Jonathan Dickinson State Park: Kitching Creek Trail, Ocean-to-Lake Trail (Kitching Creek to White Trail), and White Trail to Camp Murphy Ruins, Jupiter, Florida
Coming in at 11,500 acres, Jonathan Dickinson State Park is one of the largest state parks in Florida, and it is complete with an extensive trail system of over twenty miles. The park has a variety of habitats, ranging from scrubby sand dunes on the east end, with Hobe Mountain being the highest, to pine flatwoods dotted by cypress domes that occupy much of the park, to wetter hammocks along Kitching Creek and the Loxahatchee River in the park's western and southern regions. This hike occurred on Saturday, July 23rd, 2016. My plan was to hike the Kitching Creek Loop and the the Ocean-to-Lake Trail to the White Loop, completing the White Loop as well. Unfortunately, major changes in the trail system brought me into ultimate confusion and forced me to greatly alter my plans. I ended up hiking only part of the Kitching Creek Loop and White Loop, and I also accidentally hiked a portion of the Ocean-to-Lake Trail westward. Additionally, I ended the hike with a several-mile roadwalk due to exhaustion and time shortage.
South Florida is best known for its sugar cane farms, swamps such as the Everglades, cities like Miami and Naples, and Lake Okeechobee. One of the more secret special places is a relatively little-known "hill" called Hobe Mountain - an ancient sand dune near Jupiter Island that rises to a height of 84 feet above sea level. In this mostly flat land, Hobe Mountain is a unique location, which has an observation tower that is most easily accessed using a short boardwalk in Jonathan Dickinson State Park. Jonathan Dickinson State Park itself is a mecca for outdoor recreation enthusiasts, as it has over two dozen miles of hiking trails, in addition to many other recreational opportunities. On this day, I first hiked the short trail to Hobe Mountain, before embarking on a much longer hike through the park. This hike occurred on Saturday, July 23rd, 2016. My plan was to hike the boardwalk out and back to Hobe Mountain and its observation tower.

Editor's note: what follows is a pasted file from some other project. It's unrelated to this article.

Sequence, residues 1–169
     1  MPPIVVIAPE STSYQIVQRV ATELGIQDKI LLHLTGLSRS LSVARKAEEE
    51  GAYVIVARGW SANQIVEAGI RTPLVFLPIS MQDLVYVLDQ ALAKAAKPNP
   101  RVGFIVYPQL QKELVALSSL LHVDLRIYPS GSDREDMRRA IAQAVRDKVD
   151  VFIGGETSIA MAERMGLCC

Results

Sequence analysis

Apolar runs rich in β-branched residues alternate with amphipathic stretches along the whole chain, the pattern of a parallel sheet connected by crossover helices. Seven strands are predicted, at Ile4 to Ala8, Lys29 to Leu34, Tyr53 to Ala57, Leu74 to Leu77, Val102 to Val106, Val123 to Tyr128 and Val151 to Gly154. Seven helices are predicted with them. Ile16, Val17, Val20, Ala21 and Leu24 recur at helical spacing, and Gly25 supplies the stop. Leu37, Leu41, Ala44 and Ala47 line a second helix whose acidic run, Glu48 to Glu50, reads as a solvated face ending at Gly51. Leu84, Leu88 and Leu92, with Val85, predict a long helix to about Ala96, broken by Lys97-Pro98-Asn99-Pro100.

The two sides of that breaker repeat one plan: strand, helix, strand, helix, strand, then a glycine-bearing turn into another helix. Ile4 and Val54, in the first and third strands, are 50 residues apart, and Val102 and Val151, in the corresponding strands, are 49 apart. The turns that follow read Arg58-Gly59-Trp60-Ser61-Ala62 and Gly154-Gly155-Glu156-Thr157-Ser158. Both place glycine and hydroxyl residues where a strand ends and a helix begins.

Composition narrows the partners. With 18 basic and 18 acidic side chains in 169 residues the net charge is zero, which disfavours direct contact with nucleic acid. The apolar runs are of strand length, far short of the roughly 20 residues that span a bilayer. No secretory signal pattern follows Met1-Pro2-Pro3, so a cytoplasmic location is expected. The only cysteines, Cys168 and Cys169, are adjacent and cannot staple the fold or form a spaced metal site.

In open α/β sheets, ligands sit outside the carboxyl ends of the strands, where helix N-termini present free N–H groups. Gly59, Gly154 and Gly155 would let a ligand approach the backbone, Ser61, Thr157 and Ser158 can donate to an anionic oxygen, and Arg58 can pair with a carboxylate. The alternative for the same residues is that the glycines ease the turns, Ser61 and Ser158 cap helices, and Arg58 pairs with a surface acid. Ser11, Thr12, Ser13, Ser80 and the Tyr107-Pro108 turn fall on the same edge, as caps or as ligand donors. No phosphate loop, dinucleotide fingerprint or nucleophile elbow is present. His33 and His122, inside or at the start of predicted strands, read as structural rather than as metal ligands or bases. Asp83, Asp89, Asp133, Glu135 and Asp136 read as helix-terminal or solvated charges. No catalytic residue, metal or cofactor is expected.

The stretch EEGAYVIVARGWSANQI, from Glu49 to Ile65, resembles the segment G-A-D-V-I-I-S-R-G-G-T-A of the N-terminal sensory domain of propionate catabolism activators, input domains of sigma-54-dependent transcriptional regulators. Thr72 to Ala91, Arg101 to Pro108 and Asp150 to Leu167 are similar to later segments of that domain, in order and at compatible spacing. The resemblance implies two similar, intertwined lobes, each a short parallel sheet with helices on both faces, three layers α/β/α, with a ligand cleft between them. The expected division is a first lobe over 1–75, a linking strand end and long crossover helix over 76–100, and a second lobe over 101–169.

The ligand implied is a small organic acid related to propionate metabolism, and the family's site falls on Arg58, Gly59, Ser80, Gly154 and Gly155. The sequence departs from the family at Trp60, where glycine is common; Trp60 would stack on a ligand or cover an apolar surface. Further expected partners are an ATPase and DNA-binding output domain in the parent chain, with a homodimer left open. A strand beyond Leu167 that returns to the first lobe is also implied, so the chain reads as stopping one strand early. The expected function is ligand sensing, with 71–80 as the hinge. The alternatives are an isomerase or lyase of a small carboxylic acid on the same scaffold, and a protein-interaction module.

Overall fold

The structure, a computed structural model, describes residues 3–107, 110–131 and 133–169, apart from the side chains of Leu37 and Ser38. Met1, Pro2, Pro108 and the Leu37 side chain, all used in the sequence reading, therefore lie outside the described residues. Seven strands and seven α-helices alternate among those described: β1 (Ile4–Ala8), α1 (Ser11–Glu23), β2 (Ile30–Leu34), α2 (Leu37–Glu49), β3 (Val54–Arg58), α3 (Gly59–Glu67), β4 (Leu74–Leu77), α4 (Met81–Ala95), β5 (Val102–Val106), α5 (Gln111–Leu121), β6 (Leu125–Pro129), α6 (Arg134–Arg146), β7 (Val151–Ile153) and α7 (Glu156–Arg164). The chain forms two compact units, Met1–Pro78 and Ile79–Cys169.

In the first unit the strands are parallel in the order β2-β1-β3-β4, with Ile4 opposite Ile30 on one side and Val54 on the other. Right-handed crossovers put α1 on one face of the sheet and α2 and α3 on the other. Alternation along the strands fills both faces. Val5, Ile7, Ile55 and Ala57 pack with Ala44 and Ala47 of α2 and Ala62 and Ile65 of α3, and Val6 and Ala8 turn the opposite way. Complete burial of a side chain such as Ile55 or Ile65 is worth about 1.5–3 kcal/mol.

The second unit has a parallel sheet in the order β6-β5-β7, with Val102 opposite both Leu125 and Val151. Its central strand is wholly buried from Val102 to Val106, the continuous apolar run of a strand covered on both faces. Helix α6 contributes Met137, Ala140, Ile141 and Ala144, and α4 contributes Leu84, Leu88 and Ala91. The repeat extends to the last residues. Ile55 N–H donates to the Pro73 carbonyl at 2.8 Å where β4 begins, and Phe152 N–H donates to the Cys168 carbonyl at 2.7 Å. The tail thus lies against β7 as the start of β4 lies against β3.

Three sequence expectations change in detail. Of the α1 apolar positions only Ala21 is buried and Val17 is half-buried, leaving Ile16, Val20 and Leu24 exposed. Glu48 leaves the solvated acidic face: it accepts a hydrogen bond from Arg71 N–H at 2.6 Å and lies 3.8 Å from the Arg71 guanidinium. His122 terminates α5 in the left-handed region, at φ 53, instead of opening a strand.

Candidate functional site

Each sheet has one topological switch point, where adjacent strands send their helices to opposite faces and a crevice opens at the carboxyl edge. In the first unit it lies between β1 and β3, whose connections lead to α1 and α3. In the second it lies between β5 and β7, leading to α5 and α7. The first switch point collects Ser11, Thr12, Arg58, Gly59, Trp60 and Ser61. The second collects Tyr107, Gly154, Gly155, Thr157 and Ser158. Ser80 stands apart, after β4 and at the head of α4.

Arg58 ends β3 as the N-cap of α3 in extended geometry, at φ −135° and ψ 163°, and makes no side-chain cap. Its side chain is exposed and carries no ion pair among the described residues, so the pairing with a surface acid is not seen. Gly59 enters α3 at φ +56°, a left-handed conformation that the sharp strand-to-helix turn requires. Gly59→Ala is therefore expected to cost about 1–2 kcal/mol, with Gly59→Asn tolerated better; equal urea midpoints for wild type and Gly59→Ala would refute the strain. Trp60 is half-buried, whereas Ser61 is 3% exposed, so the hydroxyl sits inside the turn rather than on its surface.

The Florida scrub is an endangered habitat that is found mainly on sand ridges throughout the state. It is relatively common to encounter a scrub in central Florida along the Lake Wales Ridge, as well as in coastal areas of eastern Florida and the state's panhandle. However, Balm-Boyette Scrub is one of a few rare scrubs in west Florida and around the Tampa area, which makes it more special than some of the scrubs on the Lake Wales Ridge. Two preserves adjacent to each other facilitate hiking access into the scrub. The main hiking trail also passes past several creeks, all of which are tributaries of the Alafia River. This hike occurred on Wednesday, July 20th, 2016. My plan was to hike clockwise the loop trail that passes through both Triple Creek Preserve and Balm-Boyette Scrub Preserve.
Catfish Creek State Park is in an area of Florida called the Lake Wales Ridge: a long elevated strip of land in central Florida with elevation peaking at 312 feet on Sugarloaf Mountain. Originally, the ridge was a series of "sand islands" over a million years ago, when most of the rest of Florida was actually underwater. Much of the Lake Wales Ridge has unaltered, conserved scrub habitat, which is essential for the areas dozens of endangered plants and animals, such as the sand skink, gopher tortoise, and scrub jay. On this hike, you'll scramble up to some of the region's highest hills, with their dazzling bright sand, as well as drop down into shady depressions where lakes abound. Additionally, you'll visit the site of an old sod farm and get to see some of the remaining structures - if they're still there by the time you're reading this. This hike occurred on Saturday, July 16th, 2016. My plan was to begin hiking the long loop counter-clockwise, before taking the medium loop connector across to the other side of the loop. From there, I would begin hiking the long loop in the clockwise direction, but not for long - I would then hike out and back the side trail to the sod farm ruins. After this, I would hike the long loop to the medium loop connector, and after hiking the connector for a second time, I would hike the remaining section of the long loop.